By Jason Benham
Rise in population compared to the previous three months shows the emirate's job sector is picking up.
Dubai's population rose 1.9 percent in the second quarter compared to the previous three months, government figures showed, indicating that employment in the Gulf emirate was picking up.
Dubai, the regional trade and tourism hub was one of the worst affected in the top oil-exporting region by the global financial downturn that brought its real estate boom to a grinding halt late in 2008.
Most of the work force in Dubai is foreign, which means population changes serve as an indication of employment levels.
Many firms announced job cuts after the crisis forcing developers to cancel and suspend projects worth billions of dollars.
The emirate's population rose to 1.7 million compared the first quarter according to numbers published by the Dubai Statistics Centre on Sunday.
The figures contrast some analysts reports which have pointed to an expected decline in population due to job cuts as a result of the global economic crisis.
UBS said earlier this year that Dubai's population was likely to fall 10 percent in the coming two years as a result of job cuts.
"Our view still stands. Our view is that the net population outflows will take place in the second half of the year or exiting the year. We are emphasising net population flows," Saud Masud, the bank's head of research and senior real estate analyst, Middle East and north Africa, in Dubai, told Reuters on Sunday.
Dubai ruling council member and chairman of Emaar Properties, Mohamed Alabbar, said in a speech on Friday that Dubai had seen some 400,000 people move to the Gulf Arab region's economic and tourist hub over the past 12 months.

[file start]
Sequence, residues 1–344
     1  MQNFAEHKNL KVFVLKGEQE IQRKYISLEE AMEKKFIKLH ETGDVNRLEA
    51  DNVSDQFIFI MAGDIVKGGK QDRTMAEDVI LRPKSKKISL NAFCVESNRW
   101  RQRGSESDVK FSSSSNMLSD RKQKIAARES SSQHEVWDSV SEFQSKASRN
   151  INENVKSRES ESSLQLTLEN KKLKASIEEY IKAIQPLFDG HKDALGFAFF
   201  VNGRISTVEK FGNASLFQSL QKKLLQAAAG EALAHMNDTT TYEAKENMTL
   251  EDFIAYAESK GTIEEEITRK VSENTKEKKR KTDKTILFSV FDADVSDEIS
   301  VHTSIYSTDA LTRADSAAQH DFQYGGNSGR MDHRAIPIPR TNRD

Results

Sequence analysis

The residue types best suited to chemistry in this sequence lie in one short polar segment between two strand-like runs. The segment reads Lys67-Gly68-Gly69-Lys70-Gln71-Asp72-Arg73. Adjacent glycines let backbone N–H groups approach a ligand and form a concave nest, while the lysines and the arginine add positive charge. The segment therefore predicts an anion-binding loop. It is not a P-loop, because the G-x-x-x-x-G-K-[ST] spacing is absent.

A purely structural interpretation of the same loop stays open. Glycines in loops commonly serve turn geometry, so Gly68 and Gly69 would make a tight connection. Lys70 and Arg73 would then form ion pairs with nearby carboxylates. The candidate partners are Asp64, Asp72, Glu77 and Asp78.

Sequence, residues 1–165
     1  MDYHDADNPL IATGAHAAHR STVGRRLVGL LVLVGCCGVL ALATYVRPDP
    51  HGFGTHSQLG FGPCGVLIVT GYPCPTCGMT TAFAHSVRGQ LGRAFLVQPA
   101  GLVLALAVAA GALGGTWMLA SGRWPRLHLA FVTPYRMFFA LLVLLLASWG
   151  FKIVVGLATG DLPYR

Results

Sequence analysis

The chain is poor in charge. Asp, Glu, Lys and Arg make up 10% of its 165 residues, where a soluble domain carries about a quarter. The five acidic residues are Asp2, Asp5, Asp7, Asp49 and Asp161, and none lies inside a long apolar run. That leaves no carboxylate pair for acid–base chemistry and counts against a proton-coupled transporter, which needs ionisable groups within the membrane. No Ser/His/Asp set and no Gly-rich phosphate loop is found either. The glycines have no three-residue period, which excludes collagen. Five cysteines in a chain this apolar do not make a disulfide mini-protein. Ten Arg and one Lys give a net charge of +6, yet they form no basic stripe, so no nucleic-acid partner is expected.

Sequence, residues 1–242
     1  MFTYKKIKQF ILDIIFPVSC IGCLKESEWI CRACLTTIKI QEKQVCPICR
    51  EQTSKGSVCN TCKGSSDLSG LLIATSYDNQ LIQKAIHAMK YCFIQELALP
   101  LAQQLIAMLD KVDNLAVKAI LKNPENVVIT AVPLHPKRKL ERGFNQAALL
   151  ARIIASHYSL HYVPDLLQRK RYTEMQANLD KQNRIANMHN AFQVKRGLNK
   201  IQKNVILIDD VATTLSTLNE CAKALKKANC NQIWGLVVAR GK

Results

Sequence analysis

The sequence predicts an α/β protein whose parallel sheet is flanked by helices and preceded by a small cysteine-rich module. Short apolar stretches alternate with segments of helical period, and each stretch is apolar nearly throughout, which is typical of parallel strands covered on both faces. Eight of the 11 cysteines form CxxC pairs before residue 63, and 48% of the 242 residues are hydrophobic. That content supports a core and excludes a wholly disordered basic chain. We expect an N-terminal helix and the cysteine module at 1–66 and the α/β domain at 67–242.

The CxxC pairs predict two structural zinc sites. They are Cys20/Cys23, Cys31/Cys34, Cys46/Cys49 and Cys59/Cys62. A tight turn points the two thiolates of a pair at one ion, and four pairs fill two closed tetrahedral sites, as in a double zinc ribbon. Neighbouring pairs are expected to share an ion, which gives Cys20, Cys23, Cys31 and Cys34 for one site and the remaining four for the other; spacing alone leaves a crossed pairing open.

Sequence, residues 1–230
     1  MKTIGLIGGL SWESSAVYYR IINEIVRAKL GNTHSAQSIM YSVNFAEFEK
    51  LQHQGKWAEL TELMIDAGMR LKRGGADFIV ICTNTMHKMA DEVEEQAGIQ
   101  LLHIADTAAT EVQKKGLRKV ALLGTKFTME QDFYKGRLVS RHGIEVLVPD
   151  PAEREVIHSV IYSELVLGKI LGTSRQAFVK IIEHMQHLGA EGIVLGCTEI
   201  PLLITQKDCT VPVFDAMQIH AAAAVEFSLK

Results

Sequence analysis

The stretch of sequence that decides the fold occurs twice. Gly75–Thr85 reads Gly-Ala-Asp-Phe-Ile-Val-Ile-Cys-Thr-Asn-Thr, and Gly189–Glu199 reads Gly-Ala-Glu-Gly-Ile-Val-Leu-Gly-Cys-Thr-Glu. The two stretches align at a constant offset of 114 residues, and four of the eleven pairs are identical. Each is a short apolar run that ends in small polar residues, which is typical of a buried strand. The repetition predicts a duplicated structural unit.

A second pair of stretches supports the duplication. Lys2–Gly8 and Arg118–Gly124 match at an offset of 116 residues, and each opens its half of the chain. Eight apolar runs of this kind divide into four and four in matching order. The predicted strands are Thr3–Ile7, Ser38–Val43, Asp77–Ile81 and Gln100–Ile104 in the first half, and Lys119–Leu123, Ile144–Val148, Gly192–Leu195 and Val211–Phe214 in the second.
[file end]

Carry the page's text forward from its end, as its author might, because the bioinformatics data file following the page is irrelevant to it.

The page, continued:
The number of completed buildings in Dubai rose to 639 in the second quarter from 636 in the first quarter, the government figures showed.
Completed commercial buildings fell to 76 from 92 in the respective periods while residential buildings rose to 505 from 423.
Recreational, services and industrial buildings declined to 58 from 121, the report said.
Dubai's once-booming property sector has been severely dented as a result of the economic downturn with house prices off around 50 percent from their peaks last year.
In a report last week, UBS said prices could drop a further 20 to 30 percent and continued population outflows from the region and new units still coming on stream could leave the residential property market with more than 25 percent oversupply by the end of 2010. (Reuters)
We know for a fact, loads of people are moving from Sharjah to Dubai since dubai rents have fallen.
Mr. Saud Masud, of UBS (the bank who failed to predict their own trouble caused by the sub-prime), it is OK to admit that you might have been wrong. You keep saying their will be a decline but, in fact, prices have increased and now the latest stat (which you guys always complain that they are not available) are showing that the population is increasing. let me guess, now that the stats were made available by the government, you will question their accuracy, but you will not question the accuracy of your assumptions and your model, that is if you have a model.
nothing to do with sharjah and abu dhabi residents moving to dubai for better quality apartments or lower cost then? increased population = increased population more jobs = more jobs figures on job creation would be more suitable to indicate whether employment was up or not